The Gutherie family were ever present on the course supporting with Catherine running with Gerry Forde in the wheelchair race.

At the head of our field there were some good efforts particularly Dipak who was still suffering a niggly ankle from the 10 in 10. He would end up with 3:25. Cezary was having a strong run on his 25th. Dave Brady well into the 80 marathons this year passed me early and would record a low 4hr race (impressive). Denis McMonagle on the other hand had a nightmare and was well off his normal pace.

Because of the racing festival they let the 10K off (many many runners) 10 minutes after we cleared South Park for the second time and the race caught us around Leisureland. The course got busy for the rest of the first lap before they peeled off to their finish.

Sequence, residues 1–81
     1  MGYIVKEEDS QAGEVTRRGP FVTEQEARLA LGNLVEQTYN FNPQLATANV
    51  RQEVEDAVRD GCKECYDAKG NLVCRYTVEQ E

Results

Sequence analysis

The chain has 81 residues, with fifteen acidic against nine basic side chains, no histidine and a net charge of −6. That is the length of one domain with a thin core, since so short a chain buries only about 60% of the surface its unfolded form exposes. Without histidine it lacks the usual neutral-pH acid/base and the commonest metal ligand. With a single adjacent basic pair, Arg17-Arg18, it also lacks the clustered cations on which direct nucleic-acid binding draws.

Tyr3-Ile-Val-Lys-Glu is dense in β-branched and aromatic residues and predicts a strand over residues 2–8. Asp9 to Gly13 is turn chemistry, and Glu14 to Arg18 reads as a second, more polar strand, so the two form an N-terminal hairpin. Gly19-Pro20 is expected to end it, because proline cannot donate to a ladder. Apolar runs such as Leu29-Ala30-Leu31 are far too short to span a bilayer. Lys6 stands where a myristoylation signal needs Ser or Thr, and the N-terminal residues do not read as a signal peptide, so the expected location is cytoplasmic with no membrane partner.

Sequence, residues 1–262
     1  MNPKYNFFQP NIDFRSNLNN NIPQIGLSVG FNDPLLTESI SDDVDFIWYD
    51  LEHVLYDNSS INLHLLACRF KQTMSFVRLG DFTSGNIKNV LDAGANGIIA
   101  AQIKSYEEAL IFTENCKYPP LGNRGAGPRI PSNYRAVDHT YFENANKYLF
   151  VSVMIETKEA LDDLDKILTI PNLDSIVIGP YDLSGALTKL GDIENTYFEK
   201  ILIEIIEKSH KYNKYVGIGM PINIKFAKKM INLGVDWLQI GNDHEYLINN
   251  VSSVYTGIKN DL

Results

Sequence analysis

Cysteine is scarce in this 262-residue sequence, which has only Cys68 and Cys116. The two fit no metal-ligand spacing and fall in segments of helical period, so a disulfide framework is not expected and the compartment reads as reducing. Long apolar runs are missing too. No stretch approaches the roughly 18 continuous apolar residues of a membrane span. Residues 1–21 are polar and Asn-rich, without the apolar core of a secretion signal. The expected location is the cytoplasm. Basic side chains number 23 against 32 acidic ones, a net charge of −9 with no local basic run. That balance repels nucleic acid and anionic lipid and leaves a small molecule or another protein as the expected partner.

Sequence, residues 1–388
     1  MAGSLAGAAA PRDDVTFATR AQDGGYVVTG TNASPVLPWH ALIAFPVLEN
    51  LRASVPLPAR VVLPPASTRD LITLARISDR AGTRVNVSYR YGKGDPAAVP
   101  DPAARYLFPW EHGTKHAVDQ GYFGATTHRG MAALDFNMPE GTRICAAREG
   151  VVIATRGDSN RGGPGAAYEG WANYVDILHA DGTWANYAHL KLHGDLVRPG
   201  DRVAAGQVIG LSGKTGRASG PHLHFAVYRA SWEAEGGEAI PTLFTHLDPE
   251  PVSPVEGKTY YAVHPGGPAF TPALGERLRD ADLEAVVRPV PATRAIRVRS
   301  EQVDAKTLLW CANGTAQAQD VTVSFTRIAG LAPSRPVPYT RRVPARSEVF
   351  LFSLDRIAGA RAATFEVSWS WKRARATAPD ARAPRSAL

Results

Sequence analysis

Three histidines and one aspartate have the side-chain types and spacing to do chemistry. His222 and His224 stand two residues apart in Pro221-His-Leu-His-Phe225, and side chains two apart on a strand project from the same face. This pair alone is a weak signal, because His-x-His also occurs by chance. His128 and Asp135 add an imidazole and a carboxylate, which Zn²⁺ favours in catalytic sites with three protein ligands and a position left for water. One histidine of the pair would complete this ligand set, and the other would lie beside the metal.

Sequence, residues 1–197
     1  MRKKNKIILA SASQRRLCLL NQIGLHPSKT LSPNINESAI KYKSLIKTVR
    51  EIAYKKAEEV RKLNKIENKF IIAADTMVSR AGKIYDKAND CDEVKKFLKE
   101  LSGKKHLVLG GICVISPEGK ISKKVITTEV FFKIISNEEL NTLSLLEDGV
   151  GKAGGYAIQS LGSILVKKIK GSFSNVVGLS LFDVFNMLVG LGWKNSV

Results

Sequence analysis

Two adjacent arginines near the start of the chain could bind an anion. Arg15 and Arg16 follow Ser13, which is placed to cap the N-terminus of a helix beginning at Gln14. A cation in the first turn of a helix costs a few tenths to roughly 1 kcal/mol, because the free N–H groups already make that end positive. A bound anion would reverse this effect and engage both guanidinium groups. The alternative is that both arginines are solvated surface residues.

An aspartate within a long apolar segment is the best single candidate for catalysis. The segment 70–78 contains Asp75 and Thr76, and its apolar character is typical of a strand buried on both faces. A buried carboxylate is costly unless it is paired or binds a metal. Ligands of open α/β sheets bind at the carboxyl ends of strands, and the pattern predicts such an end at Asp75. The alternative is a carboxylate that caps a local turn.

The second lap was nice and quiet and I even managed to lap some of the 10kers.

With Valerie at the finish
I ran nice and steady coming through half way in exactly 2hrs. This was pretty much the same time as last Sunday in Berlin and I was on the watch out for any stray beer bottles. I kept my camera in my belt today today (so sorry about the lack of photos)

I got back at the end of my second big loop just as they were starting the half marathon and ran as part of this group until they turned left for their single lap of South Park. It wasn't long until Sergie passed us on the way to a comfortable  win. The race was busy from this point on.

I kept my place (except for a seesaw from Larry Rigney) in a pretty uneventful second half but got overtaken by a very strong finish from Valerie Fogarty who went on to do a 4:16 and Denis who recovered over the last couple of K for a 4:17.

A nice day out and good luck to all of those doing Monaghan tomorrow.

Garmin stats for the day.